The second problem is the financial stress in the energy sector. The energy sector has become a larger part of the high yield market in recent years. Investors were happy to fund these cash flow negative companies in a high and rising commodity price market. Once the oil and gas prices began to weaken, investors became increasingly concerned about the ability of these companies to service their debt. Default rates, which are at cyclical lows, are likely to rise.
The third problem is related to the post-Financial Crisis regulatory environment. New regulations are changing the way bonds are traded. The bond market is an “over-the-counter” market. Unlike stocks, bonds are not on an exchange. Bond trading had been facilitated by an investment bank’s use of their own capital to create market liquidity by buying and selling securities, engaging in what is called proprietary trading. Following the financial crisis, new regulations limit the ability of investment banks to engage in proprietary trading, thus limiting their ability to create a liquid bond market. The limitation on proprietary trading, while put in place to safeguard the banking system by limiting the size of the balance sheets, has had the unintended consequence of severely limiting bond market liquidity.
Over time, market liquidity will return as the challenges of moving an over-the-counter market to an exchange are solved. The problem is most acute for active bond traders and for other investors that require liquidity and need to sell their bonds. Recent market events could be the catalyst to force market participants to solve the trading gridlock.
Image by By Svilen.milev
US Banks – Why the malaise?
Banks are a key component in the economic jig saw puzzle. They make up between 6-8% of the S&P 500 and roughly half of the financial sector of the index. Banks as a whole have modestly underperformed the S&P 500 for the last two years. The industry continues to struggle with the “pricing” environment. The low interest rate environment, coupled with ample liquidity, has led to ever lower rates banks can charge for loans and earn on their securities. While loans continue to grow, the revenue line for banks has been almost stagnant as the price they can charge continues to decline.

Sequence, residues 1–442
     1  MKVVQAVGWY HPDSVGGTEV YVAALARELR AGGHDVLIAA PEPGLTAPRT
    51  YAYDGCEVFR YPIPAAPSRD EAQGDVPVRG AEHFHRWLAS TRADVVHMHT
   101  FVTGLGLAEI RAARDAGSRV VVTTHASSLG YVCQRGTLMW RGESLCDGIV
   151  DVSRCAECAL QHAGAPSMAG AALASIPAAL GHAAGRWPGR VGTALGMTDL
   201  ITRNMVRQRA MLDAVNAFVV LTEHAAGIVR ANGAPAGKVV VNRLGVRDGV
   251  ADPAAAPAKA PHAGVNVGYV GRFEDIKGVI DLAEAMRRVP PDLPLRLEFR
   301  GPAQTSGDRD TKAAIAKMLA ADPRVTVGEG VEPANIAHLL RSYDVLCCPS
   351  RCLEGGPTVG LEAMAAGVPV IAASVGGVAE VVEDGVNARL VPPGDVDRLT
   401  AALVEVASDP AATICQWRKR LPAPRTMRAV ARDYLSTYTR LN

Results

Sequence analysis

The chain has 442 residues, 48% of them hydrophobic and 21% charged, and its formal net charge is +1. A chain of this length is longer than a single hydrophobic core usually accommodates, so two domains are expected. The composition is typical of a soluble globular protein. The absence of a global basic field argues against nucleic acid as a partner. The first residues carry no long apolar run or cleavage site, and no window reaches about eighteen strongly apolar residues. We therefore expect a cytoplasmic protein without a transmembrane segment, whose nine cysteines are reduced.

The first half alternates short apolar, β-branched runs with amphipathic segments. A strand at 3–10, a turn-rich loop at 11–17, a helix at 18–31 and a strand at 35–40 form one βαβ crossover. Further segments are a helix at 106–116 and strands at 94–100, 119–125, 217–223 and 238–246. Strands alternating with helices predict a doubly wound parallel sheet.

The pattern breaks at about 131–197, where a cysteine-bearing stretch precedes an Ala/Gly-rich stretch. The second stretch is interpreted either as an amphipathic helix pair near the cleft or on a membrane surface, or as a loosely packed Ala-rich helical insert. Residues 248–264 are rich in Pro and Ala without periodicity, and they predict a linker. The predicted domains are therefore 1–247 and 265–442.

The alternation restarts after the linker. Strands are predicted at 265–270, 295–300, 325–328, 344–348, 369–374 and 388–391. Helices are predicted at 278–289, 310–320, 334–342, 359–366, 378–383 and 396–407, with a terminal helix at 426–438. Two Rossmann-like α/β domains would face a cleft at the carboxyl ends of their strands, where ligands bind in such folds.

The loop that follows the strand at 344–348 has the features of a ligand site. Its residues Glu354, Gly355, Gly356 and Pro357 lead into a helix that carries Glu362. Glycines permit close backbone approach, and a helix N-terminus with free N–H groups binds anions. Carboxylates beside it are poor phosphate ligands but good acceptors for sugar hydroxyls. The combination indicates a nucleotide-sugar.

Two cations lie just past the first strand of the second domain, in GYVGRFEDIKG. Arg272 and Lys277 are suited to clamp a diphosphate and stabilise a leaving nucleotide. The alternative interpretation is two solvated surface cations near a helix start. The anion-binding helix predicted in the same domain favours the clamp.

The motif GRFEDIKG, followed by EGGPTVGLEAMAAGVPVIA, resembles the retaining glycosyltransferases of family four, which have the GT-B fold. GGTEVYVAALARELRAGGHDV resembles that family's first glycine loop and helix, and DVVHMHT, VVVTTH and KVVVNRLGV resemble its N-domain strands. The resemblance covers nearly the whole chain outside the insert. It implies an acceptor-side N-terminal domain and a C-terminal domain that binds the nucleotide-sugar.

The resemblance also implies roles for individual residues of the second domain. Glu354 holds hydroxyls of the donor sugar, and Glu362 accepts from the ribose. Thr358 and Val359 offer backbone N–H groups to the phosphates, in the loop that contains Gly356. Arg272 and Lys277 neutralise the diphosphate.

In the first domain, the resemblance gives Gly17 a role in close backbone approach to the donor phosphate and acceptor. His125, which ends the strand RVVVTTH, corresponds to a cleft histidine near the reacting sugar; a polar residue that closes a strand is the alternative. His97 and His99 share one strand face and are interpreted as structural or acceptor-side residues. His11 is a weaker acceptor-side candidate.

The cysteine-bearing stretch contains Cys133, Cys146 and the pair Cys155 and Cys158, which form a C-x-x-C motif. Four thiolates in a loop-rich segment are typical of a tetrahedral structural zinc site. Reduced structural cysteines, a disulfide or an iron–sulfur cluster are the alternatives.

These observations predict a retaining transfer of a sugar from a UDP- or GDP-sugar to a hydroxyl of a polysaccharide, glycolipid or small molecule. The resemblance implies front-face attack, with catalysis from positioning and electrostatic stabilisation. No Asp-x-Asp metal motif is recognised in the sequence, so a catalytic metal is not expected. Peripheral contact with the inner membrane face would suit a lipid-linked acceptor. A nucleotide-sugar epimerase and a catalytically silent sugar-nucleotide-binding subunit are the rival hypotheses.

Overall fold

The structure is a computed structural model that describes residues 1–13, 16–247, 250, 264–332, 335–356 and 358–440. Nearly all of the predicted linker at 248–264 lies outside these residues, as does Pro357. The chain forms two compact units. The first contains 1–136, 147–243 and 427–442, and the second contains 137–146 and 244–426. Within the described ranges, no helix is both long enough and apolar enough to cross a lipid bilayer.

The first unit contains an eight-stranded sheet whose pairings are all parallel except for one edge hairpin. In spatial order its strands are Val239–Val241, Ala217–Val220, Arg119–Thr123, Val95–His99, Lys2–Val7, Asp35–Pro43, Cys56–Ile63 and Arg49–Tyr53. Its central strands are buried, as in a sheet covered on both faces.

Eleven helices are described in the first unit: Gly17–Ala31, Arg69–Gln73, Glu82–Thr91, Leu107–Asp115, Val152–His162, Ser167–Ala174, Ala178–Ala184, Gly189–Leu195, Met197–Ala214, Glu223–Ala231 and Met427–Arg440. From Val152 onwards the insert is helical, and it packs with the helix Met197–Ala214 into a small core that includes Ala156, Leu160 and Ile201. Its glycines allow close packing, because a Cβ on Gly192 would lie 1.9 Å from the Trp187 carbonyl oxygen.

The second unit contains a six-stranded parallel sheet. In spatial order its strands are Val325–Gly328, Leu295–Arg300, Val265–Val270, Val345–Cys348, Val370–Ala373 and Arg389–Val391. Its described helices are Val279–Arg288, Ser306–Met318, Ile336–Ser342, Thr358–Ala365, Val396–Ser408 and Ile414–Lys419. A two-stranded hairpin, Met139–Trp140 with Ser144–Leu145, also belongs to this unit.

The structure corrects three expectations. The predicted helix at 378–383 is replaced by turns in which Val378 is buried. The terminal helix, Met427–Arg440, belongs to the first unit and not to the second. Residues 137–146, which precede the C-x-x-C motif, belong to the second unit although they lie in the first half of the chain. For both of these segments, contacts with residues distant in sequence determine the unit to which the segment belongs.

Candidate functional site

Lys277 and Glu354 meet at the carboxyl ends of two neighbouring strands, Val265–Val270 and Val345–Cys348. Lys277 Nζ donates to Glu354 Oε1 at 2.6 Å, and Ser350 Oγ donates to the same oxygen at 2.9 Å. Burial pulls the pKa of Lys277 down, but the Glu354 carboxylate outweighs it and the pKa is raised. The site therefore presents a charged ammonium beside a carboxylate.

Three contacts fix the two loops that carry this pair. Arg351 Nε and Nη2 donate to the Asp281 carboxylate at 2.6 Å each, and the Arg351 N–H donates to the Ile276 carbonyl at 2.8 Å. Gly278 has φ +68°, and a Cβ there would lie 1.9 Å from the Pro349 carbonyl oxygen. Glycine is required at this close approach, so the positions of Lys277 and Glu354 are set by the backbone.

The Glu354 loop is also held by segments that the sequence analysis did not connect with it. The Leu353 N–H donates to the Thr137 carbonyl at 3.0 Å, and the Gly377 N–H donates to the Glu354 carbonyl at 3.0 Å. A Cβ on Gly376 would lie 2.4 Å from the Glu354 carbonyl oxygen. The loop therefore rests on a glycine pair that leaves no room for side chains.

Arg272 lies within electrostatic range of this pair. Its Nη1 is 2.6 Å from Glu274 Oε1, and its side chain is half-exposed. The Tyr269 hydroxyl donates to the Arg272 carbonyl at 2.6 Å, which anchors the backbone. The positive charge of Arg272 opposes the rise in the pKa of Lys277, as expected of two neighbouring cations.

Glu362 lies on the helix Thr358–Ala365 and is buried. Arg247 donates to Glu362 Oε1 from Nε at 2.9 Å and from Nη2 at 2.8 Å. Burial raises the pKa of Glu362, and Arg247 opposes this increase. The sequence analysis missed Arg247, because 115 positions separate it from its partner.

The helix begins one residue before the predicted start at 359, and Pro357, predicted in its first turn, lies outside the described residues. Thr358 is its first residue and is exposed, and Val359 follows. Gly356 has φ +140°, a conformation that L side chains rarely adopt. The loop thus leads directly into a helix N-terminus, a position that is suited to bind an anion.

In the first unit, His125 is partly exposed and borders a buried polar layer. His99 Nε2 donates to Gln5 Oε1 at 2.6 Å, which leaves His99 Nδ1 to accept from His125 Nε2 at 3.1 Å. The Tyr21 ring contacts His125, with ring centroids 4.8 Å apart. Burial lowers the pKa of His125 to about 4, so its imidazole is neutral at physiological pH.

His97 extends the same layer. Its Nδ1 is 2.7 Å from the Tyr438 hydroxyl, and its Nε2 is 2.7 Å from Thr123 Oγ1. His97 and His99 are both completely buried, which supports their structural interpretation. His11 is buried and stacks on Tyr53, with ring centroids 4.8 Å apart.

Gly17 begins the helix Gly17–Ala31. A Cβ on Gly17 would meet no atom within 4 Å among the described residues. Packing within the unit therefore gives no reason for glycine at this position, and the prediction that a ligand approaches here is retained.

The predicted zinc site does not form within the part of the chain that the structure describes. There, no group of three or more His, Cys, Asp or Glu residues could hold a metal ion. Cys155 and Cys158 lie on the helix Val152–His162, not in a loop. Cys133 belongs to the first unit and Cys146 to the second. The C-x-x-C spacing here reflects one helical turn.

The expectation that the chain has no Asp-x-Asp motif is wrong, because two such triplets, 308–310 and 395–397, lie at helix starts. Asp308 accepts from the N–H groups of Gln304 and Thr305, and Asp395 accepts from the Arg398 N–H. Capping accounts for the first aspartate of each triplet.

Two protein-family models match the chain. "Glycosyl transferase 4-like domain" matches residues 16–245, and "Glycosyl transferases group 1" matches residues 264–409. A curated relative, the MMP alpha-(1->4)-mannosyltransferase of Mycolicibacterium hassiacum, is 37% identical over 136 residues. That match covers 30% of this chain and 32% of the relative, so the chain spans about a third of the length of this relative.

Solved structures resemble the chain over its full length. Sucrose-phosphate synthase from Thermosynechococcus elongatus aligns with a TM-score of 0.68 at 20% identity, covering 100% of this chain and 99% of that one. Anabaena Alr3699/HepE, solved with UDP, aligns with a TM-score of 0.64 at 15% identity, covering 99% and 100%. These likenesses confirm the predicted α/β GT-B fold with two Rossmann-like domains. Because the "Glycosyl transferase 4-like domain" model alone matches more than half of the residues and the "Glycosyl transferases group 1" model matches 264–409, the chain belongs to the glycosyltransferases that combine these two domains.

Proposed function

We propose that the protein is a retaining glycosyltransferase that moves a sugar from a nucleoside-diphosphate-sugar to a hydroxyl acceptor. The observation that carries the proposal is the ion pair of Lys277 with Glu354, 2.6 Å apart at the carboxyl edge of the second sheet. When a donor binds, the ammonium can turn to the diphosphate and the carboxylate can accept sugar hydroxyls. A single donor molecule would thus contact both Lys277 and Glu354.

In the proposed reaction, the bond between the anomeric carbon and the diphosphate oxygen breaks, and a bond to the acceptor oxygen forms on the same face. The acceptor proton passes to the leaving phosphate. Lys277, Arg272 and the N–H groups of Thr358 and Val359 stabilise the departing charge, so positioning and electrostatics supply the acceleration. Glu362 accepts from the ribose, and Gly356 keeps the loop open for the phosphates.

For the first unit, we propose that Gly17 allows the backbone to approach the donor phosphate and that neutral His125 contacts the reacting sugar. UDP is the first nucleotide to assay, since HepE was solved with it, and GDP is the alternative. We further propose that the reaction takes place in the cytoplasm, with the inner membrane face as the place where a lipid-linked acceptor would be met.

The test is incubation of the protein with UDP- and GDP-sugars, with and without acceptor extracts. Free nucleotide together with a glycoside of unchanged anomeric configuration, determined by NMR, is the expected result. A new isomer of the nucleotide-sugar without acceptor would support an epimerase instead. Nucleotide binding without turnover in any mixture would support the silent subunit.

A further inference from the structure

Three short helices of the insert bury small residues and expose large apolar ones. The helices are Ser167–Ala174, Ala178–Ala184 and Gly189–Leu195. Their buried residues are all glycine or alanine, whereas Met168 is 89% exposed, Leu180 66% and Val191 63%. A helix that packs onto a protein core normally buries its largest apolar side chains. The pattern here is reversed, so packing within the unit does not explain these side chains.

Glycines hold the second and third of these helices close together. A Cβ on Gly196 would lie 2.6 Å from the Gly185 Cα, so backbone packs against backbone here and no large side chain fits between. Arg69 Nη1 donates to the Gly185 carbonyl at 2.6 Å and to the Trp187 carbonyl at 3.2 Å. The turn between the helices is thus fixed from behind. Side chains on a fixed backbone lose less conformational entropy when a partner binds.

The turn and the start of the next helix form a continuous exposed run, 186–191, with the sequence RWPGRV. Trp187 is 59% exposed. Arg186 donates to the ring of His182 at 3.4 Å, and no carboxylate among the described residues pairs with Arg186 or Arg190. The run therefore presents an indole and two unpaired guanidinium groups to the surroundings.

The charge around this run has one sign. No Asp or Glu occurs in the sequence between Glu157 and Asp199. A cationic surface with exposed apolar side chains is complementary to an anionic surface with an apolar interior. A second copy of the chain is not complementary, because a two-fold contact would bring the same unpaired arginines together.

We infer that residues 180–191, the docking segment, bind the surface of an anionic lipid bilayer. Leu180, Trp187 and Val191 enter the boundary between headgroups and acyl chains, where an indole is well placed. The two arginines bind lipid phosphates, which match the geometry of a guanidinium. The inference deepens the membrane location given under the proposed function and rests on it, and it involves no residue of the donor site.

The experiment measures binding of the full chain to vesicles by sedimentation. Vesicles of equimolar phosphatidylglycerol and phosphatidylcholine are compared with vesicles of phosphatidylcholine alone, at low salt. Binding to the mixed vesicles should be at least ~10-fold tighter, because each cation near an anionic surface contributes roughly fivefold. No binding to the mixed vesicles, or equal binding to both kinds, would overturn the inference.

Banks have been able to grow earnings in this weak top line environment through an improvement in credit quality. Following the financial crisis, banks significantly increased their loan loss reserves. In the subsequent years, as defaults (or net charge offs) came in lower than initially anticipated, banks have been able to reduce their reserves providing a tailwind for earnings. Loan loss reserves are now approaching previous lows, so this improvement appears to be ending, or at least slowing.
The next driver of earnings for the industry may be operating expense control. Many banks have been experiencing cost growth ahead of revenue growth due in part to additional regulatory expenses. The banks have also been reluctant to limit their branch networks. However, with earnings drivers limited, it appears that some management teams have begun to take action. Going forward, physical infrastructure (a bank on every street corner) is likely to be replaced by more digital infrastructure at an accelerating pace.
Many bank management teams have been hoping for a Fed rate increase and a steeper yield curve, but the ability to wait may be coming to an end. The recently announced hiring and wage growth data was nothing short of robust. This may give the Federal Reserve the impetus to raise rates later this year, and potentially offer some relief to the banking sector.